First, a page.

Somewhere I'll Find You

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Somewhere I'll Find You
Somewhere I'll Find You 1942.jpg
Directed by Wesley Ruggles
Produced by Pandro S. Berman
Written by Charles Hoffman (story)
Starring Clark Gable
Lana Turner
Music by Bronislau Kaper
Cinematography Harold Rossen
Edited by Frank E. Hull
Distributed by Metro-Goldwyn-Mayer
Release date(s)
  • August 27, 1942 (1942-08-27) (New York City)
Running time 108 minutes
Country United States
Language English
Budget $1,060,000[1]
Box office $4,014,000[1]

Somewhere I'll Find You is a film released by Metro-Goldwyn Mayer in 1942. The film stars Clark Gable and Lana Turner. The film took almost two years to complete. This was the last film Gable starred in before he enlisted in World War II. The next film he starred in was Adventure (1945).

Plot[edit]

In October 1941, war correspondents and brothers "Jonny" (Clark Gable) and Kirk Davis (Robert Sterling) return to the still-neutral United States after being kicked out of Germany. Jonny's boss, isolationist New York Daily Chronicle publisher George L. Stafford (Charles Dingle), refuses to print his story about Japan and Germany's plans for the world, but Jonny tricks him into doing so, and gets fired for his trouble.

When Jonny goes to reclaim his old room from friends and landlords "Evie" (Lee Patrick) and Willie Manning (Reginald Owen), he is annoyed (despite having been away for years) to find they have rented it out to Paula Lane (Lana Turner), an aspiring reporter who wants to work as a foreign correspondent. Ladies man Jonny is very interested in the beautiful blonde, but then finds that his brother already has a relationship with her. A romantic triangle ensues. Despite being in love with her himself, Jonny tries to arrange it so that Paula chooses Kirk.

Eventually, they are all reunited in Manila ... on Sunday, December 7, the day of the attack on Pearl Harbor, which brings America into the war. Jonny insists that the other two leave on a ship for Australia, while he remains behind to report for the Chronicle, but they sneak back on the pilot boat after he sees them off. Kirk enlists, while Paula joins the Red Cross.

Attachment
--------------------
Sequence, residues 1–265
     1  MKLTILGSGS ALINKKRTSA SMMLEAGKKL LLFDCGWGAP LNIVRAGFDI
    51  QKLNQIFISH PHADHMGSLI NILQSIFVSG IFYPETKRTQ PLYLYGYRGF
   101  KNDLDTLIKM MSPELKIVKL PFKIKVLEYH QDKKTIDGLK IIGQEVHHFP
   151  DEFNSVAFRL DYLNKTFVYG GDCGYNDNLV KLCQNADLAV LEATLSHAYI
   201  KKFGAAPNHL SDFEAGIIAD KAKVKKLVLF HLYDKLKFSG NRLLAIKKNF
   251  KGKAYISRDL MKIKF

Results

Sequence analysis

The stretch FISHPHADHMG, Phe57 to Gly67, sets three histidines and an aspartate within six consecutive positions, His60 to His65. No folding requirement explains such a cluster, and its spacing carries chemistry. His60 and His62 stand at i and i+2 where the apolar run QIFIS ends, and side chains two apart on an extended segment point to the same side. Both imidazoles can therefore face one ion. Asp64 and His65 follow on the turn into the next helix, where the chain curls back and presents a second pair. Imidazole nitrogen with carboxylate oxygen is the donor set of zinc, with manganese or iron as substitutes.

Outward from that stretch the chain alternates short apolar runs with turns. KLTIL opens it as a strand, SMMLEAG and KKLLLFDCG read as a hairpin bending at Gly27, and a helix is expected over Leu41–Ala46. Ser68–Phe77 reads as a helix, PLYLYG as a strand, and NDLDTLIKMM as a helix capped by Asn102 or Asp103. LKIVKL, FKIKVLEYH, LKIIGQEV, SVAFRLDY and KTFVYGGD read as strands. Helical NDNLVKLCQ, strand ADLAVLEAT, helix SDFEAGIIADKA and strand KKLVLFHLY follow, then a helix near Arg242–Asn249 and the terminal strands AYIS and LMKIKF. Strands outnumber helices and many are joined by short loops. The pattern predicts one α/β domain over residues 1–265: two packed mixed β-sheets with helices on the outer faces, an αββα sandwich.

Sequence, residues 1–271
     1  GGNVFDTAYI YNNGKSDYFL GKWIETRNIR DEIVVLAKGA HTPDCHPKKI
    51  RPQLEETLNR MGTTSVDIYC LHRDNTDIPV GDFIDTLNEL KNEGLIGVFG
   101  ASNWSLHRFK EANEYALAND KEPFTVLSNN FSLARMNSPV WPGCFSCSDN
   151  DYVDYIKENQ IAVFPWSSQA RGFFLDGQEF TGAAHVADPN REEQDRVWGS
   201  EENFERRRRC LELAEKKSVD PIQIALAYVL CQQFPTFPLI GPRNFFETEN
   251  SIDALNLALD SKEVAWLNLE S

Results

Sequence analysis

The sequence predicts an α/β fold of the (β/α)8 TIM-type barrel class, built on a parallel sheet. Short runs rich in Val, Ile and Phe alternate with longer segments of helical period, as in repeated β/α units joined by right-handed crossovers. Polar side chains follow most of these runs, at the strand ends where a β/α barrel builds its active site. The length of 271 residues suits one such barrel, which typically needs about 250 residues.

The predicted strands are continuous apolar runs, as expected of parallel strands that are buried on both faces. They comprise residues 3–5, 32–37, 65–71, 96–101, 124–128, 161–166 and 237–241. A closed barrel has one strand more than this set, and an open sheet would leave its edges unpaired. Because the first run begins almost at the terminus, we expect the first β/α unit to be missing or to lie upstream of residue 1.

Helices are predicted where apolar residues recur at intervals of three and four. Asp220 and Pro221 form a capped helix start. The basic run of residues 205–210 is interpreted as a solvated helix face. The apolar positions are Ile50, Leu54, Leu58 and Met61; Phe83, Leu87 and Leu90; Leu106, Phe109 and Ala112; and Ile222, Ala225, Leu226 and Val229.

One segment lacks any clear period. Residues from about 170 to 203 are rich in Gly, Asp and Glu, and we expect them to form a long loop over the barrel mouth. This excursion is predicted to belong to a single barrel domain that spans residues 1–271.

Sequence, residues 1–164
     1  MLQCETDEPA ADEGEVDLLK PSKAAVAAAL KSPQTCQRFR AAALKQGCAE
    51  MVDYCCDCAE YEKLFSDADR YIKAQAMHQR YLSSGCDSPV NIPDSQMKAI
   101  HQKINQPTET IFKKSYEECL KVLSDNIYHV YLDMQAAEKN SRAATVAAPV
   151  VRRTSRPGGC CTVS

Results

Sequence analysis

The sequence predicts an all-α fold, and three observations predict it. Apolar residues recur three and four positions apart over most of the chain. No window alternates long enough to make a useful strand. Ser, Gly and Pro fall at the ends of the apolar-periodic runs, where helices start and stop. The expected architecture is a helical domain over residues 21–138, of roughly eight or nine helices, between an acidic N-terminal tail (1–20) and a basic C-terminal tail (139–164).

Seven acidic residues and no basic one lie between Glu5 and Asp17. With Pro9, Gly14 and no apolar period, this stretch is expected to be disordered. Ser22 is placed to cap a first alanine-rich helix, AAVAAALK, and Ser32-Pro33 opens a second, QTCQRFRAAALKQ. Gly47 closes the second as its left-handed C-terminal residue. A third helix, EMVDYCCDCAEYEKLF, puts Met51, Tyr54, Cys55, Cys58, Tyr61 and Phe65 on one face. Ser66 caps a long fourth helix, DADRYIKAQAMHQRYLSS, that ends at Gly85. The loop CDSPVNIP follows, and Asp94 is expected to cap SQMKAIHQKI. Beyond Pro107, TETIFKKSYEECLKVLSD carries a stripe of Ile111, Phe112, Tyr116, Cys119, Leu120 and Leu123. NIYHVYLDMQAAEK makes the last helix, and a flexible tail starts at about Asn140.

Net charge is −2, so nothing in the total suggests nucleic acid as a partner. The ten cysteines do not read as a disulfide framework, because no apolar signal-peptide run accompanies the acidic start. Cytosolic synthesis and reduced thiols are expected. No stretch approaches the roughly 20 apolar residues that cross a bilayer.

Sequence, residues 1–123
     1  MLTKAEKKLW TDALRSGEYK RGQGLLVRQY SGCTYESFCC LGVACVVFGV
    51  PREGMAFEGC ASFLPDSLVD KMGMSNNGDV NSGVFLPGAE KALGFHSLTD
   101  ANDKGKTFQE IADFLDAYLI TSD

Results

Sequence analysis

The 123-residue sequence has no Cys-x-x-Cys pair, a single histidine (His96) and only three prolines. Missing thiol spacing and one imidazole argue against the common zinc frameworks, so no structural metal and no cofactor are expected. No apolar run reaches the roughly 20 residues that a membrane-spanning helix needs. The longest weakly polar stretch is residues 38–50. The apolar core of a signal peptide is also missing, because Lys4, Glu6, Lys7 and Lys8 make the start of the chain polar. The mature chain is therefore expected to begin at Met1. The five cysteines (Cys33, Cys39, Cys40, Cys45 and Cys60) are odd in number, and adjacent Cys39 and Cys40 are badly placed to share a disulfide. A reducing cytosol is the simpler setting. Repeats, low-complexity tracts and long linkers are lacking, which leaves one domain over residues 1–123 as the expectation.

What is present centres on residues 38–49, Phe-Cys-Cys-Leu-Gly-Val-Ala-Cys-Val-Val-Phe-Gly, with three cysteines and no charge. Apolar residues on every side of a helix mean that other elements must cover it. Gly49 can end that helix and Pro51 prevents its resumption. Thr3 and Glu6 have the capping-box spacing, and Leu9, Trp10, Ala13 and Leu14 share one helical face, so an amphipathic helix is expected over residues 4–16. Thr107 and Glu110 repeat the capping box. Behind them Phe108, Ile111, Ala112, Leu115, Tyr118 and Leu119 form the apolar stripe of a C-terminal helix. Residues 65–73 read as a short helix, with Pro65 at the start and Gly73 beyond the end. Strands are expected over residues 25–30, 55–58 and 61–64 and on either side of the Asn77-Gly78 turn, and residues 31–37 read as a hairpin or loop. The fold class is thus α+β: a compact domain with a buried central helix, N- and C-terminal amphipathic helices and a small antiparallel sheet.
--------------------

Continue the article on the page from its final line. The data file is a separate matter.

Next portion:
When the Japanese invade the Philippines, Jonny encounters his brother by chance; Kirk is part of a detachment under the command of Lieutenant Wade Hall (Van Johnson) that is assigned to repel a Japanese amphibious landing. Kirk and most of the other defenders die in the fierce fighting. Jonny believes that Paula was also killed, when the hospital where she was working was wiped out, but it turns out she was out escorting a party of wounded there. When they find each other, Jonny sets her at a typewriter and starts dictating the rest of his newspaper story.

Cast[edit]

Production[edit]

The film was designed as another vehicle for the immensely popular Gable/Turner pairing. Following their success in 1941's Honky Tonk, MGM was looking to capitalize on their new team as it had not seen a Gable pairing this successful since Joan Crawford and Jean Harlow in the 30's. Once filming began, Gable and Turner continued their friendly working relationship.

Filming was suspended for one month when Gable's wife, Carole Lombard was killed in a plane crash. Gable was permitted leave from filming for his grief and the studio even went as far as to prepare to scrap the film. The film was retitled as Red Light but changed back to Somewhere I'll Find You before its release. It was the last film made by Gable prior to his military service during World War II; he did not make another film until 1945.

The film was, like the Gable/Turner pairing in Honky Tonk (1941), a box office success. They later made two more films together, Homecoming (1948) and Betrayed (1954). Both those movies, like "Somewhere I'll Find You," had Gable and Turner serving as comrades and lovers in World War II.

The movie was the film debut of longtime Hollywood character actor Keenan Wynn. He and several other bit players, including future star Van Johnson, had uncredited roles as U.S. servicemen.

Reception[edit]

According to MGM records the film earned $2,885,000 in the US and Canada and $1,129,000 elsewhere, making the studio a profit of $1,749,000.[1]

References[edit]

  1. ^ a b c The Eddie Mannix Ledger, Los Angeles: Margaret Herrick Library, Center for Motion Picture Study .

External links[edit]